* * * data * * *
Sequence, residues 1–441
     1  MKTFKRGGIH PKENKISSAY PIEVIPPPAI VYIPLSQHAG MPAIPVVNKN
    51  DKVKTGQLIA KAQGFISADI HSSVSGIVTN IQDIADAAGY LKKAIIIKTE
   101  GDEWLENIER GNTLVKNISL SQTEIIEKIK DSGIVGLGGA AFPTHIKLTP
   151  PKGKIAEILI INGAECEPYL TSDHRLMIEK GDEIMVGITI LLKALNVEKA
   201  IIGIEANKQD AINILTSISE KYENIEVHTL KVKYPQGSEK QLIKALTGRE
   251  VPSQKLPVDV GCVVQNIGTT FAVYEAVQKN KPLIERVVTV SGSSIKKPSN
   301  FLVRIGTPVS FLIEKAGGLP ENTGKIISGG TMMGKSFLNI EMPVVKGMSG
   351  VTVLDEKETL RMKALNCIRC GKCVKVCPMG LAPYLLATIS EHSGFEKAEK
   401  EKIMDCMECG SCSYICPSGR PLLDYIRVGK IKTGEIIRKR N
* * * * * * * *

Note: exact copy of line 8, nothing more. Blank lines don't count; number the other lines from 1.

   301  FLVRIGTPVS FLIEKAGGLP ENTGKIISGG TMMGKSFLNI EMPVVKGMSG